She looked up. “What shall I do with it?” It was a shining whisper.
Achilles’s eyes sought the door.
They moved toward it slowly, light as breath.
In the open doorway they paused. Above the tall buildings the grey rim of sky lifted itself. The child looked up to it. Her eyes returned to Achilles.
He nodded gravely.
She raised her hand with a little “p-f-f”—it was half a quick laugh and half a sigh.
The wings fluttered free, and rose and faltered, and rose again—high and higher, between the dark walls—up to the sky, into the grey—and through.
The eyes that had followed it came back to earth. They looked at each other and smiled gravely—two children who had seen a happy thing.
The child stood still with half-lifted hand.... A carriage drove quickly into the street. The little hand was lifted higher. It was a regal gesture—the return of the princess to earth.
James touched his hat—a look of dismay and relief battling in his face as he turned the horses sharply to the right. They paused in front of the stall, their hoofs beating dainty time to the coursing of their blood.
Achilles eyed them lovingly. The spirit of Athens dwelt in their arching necks.
He opened the door for the child with the quiet face and shining eyes. Gravely he salaamed as she entered the carriage.
Through the open window she held out a tiny hand. “I hope you will come and see me,” she said.
“Yes, I come,” said Achilles, simply. “I like to come.”
James dropped a waiting eye.
The horses sprang away. Achilles Alexandrakis, bareheaded in the spring sunshine, watched the carriage till it was out of sight. Then he turned once more to the stall and rearranged the fruit. The swift fingers laughed a little as they worked, and the eyes of Achilles were filled with light.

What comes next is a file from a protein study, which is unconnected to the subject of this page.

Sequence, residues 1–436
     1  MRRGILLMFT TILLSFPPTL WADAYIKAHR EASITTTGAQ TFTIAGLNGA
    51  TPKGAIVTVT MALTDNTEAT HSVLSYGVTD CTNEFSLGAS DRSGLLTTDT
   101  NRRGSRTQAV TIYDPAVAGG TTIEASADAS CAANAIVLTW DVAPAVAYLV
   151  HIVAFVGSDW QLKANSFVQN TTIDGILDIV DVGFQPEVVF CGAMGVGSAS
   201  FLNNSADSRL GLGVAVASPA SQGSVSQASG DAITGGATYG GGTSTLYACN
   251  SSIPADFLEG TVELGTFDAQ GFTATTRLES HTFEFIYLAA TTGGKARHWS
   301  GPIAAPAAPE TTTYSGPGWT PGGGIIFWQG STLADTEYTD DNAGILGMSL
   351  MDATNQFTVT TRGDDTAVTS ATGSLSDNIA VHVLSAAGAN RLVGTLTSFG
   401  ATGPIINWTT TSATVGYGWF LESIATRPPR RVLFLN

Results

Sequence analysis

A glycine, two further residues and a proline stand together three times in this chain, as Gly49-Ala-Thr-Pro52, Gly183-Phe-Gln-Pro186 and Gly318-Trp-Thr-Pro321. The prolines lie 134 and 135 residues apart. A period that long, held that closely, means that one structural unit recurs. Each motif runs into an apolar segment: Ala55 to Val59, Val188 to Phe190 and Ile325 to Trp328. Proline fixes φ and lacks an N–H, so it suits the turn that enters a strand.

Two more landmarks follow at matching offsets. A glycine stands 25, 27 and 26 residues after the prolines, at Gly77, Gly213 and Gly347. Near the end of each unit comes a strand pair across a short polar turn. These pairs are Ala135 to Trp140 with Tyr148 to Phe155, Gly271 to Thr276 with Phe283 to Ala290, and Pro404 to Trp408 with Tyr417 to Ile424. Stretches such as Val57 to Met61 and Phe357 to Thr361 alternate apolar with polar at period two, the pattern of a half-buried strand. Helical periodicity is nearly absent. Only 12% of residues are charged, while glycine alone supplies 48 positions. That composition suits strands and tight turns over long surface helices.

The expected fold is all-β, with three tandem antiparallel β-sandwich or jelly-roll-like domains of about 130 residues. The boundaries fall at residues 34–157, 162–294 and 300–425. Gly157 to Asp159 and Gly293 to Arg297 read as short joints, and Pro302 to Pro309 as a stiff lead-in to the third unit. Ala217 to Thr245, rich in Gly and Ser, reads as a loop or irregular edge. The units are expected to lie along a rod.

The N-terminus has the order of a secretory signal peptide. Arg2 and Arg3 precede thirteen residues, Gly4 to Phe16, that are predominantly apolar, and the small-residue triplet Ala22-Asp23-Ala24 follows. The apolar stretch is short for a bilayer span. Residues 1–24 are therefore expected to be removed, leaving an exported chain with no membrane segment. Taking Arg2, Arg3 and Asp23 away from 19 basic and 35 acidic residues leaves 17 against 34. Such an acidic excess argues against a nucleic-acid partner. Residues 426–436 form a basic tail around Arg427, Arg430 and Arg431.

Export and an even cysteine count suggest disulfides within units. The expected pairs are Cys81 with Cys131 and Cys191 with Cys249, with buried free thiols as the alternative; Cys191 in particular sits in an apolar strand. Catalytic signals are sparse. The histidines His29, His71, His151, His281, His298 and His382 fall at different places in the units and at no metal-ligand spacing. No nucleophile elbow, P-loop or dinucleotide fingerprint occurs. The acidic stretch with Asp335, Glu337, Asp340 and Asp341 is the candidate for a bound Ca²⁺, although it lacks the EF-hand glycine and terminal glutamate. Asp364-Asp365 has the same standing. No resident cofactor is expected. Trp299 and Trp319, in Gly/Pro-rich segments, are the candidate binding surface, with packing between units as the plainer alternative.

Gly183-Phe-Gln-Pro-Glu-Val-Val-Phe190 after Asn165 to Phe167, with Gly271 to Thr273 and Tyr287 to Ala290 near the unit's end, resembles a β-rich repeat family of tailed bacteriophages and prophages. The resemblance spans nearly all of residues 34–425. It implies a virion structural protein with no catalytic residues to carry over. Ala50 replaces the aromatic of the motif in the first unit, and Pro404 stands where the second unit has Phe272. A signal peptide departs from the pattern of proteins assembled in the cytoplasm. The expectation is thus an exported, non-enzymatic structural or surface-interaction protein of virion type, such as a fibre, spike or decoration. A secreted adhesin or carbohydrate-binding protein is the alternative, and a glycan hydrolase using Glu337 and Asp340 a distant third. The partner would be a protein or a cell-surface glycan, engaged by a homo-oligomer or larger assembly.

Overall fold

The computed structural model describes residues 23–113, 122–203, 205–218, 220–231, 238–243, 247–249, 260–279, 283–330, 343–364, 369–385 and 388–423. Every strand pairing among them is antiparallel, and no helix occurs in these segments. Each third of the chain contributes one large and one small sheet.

BETTY’S MOTHER HEARS A STORY
“Mother-dear!” It was the voice of Betty Harris—eager, triumphant, with a little laugh running through it. “Mother-dear!”
“Yes—Betty—” The woman seated at the dark mahogany desk looked up, a little line between her eyes. “You have come, child?” It was half a caress. She put out an absent hand, drawing the child toward her while she finished her note.
The child stood by gravely, looking with shining eyes at the face bending above the paper. It was a handsome face with clear, hard lines—the reddish hair brushed up conventionally from the temples, and the skin a little pallid under its careful massage and skilfully touched surface.
To Betty Harris her mother was the most beautiful woman in the world—more beautiful than the marble Venus at the head of the long staircase, or the queenly lady in the next room, forever stepping down from her gilded frame into the midst of tapestry and leather in the library. It may have been that Betty’s mother was quite as much a work of art in her way as these other treasures that had come from the Old World. But to Betty Harris, who had slight knowledge of art values, her mother was beautiful, because her eyes had little points of light in them that danced when she laughed, and her lips curved prettily, like a bow, if she smiled.